Scripted reform models do best

In a major, long-term study of school reform models, scripted learning did best in high-poverty elementary schools, reports Education Week.

Thirteen years ago, the Consortium for Policy Research in Education‘s Study of Instructional Improvement set out to study three models: Success for All requires teachers to follow a detailed, instructional script; America’s Choice is less scripted but uses coaches to get teachers to follow the same strategies; Accelerated Schools urges teachers to develop their own strategies to help “students to ‘construct’ their own knowledge through interactive, real-world activities.”

Over time, what the researchers found was that, while teachers in the 28 schools using the Accelerated Schools model were most likely to feel a sense of autonomy and trust in their schools, their teaching practices were not significantly different from those used in the 26 comparison schools. The study’s preliminary analyses suggest that students, likewise, did not learn any more than their control-group counterparts did.

. . . In comparison, classes in the 31 America’s Choice schools and the 29 Success for All schools developed their own distinctive looks over time. The different instructional patterns, in turn, led to different, and more successful, student-achievement patterns.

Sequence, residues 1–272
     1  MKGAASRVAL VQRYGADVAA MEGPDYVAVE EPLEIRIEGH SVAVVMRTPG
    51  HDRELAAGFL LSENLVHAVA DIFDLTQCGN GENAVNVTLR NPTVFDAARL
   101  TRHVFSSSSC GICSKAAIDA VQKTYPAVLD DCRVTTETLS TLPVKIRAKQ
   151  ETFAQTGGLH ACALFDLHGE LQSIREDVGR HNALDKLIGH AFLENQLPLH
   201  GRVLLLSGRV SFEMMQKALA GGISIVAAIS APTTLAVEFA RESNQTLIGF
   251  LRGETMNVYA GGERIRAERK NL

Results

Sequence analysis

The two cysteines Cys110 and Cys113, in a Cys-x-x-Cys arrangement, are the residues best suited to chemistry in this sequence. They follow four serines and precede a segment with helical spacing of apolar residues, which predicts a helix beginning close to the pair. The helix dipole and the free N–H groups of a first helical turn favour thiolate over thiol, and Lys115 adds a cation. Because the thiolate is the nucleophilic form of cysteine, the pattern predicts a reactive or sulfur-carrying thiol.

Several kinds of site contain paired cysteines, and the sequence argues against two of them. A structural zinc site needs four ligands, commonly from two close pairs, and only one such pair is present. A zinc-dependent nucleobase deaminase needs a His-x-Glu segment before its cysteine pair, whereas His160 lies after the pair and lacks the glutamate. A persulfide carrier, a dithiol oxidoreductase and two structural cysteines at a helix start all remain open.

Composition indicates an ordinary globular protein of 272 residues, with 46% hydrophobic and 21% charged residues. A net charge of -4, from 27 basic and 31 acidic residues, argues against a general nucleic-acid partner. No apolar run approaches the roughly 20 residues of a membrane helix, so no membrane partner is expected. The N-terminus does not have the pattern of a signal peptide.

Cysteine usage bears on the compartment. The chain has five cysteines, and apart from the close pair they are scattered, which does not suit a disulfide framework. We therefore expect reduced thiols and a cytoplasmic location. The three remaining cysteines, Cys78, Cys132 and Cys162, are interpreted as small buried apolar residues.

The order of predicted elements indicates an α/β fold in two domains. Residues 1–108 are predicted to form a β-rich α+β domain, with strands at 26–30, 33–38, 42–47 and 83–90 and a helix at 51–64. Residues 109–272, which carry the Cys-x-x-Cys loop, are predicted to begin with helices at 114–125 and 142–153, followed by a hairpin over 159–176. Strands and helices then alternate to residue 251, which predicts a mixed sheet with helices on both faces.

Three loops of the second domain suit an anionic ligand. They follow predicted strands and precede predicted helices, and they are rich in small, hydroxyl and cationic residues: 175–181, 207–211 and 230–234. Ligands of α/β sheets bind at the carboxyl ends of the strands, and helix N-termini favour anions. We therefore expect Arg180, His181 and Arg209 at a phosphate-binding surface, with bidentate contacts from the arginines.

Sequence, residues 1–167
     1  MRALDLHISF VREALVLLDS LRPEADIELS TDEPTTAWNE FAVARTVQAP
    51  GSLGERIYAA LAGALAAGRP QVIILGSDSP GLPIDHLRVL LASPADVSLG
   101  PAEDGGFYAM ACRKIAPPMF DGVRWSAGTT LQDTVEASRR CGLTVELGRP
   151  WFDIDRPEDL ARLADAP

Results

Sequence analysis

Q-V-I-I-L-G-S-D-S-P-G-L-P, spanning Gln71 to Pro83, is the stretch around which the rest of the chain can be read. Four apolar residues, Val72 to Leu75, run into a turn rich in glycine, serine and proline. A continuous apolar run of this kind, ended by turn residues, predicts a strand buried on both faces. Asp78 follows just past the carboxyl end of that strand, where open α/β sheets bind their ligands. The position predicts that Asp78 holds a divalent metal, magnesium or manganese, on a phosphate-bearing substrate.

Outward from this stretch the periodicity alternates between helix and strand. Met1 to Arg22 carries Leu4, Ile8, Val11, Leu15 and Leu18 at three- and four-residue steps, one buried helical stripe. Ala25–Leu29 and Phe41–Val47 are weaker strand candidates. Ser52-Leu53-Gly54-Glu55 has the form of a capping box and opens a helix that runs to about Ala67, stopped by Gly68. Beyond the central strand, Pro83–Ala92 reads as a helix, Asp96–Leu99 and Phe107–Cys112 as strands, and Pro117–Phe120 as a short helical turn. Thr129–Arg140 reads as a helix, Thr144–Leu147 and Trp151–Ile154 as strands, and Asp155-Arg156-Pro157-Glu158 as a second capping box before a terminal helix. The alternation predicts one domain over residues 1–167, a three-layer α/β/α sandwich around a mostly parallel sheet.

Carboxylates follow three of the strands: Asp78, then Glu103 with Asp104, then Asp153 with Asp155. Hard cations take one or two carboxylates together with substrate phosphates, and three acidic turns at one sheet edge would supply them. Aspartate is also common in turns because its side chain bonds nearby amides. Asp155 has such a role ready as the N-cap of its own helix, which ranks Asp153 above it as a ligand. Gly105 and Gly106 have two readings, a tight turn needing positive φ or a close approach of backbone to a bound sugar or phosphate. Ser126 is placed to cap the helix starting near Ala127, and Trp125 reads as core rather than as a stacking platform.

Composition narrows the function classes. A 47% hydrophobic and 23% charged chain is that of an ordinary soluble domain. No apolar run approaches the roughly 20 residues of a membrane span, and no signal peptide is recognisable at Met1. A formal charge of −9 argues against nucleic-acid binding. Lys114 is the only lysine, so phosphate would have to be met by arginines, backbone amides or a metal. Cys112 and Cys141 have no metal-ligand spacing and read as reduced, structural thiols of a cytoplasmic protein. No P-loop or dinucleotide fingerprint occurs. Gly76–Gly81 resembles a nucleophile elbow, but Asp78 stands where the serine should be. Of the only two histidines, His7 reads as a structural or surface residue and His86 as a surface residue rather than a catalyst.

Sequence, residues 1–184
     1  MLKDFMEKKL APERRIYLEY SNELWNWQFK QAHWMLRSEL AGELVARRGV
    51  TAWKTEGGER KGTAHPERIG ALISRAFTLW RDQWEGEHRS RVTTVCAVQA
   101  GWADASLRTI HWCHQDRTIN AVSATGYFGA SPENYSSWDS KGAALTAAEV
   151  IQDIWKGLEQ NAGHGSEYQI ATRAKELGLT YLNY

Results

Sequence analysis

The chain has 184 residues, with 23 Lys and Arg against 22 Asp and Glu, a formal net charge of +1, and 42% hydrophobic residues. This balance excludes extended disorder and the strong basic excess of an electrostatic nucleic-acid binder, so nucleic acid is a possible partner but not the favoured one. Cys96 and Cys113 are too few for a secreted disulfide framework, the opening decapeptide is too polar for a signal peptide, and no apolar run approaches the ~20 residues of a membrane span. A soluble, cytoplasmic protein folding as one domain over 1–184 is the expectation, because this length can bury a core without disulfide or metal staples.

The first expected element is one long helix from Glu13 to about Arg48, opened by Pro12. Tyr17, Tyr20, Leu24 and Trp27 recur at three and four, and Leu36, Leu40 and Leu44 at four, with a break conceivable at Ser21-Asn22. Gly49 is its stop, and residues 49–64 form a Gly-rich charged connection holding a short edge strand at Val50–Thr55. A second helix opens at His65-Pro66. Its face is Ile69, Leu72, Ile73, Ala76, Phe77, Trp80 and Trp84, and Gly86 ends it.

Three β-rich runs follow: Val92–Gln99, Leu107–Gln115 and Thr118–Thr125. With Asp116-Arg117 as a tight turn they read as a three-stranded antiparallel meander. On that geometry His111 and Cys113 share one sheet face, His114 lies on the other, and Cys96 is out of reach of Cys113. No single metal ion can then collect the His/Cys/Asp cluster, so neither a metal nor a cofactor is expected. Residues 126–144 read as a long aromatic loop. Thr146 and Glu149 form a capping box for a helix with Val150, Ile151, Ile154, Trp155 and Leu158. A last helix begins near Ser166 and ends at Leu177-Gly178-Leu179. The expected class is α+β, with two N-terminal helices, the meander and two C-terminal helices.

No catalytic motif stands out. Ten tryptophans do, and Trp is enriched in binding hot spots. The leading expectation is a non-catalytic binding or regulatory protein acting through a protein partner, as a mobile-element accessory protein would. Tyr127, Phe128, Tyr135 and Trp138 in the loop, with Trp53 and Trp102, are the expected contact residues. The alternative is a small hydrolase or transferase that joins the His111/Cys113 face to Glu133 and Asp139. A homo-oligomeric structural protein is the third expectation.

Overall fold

Success for All students excelled from kindergarten through second grade; the average student moved from the 40th percentile to the 50th percentile 2½ years later. In third through fifth grade, the America’s Choice students were the top performers.

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  1. A script, it seems to me, is an actual curriculum –something that most schools seem to lack. Oh, we have teacher-edition textbooks with a plethora of suggestions, but this does not a curriculum make. We have access to the Internet, and thus, a limitless supply of other teachers’ lesson plans, many of them dubious. We have state standards. But these are all just pieces. Imagine being given a bag of assorted car parts from a dozen different cars. Wonderful potential there. But the devil is in assembly. In most classrooms in America, teachers only manage to put together a tenuously cohesive curriculum –a rough draft, if you will, of a really good curriculum. And then the school adopts a new textbook, or demands you give emphasis to some new program, and the whole thing falls down and you start from scratch on a new tentative curriculum. We never reach the polished, final-draft stage.

    It seems to me that the state should convene teams of wise, learned teachers to build curriculum kits with scripts (whose use would be optional) for each grade level and course in the state. It should be in the public domain –ergo, cheap.

  2. Here’s the thing about a scripted curriculum. It’s only a script the first or second year you use it. By the second pass through you’ve mastered it and are significanly less reliant on it.


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